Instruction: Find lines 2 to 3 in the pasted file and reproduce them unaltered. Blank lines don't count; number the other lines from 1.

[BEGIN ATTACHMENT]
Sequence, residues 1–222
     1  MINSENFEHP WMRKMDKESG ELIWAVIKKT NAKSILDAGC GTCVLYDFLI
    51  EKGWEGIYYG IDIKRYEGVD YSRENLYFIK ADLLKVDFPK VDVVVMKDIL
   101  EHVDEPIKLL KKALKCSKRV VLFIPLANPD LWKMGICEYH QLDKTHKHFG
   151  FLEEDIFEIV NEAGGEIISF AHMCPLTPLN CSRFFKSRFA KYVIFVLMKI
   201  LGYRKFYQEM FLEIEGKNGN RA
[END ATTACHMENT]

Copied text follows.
     1  MINSENFEHP WMRKMDKESG ELIWAVIKKT NAKSILDAGC GTCVLYDFLI
    51  EKGWEGIYYG IDIKRYEGVD YSRENLYFIK ADLLKVDFPK VDVVVMKDIL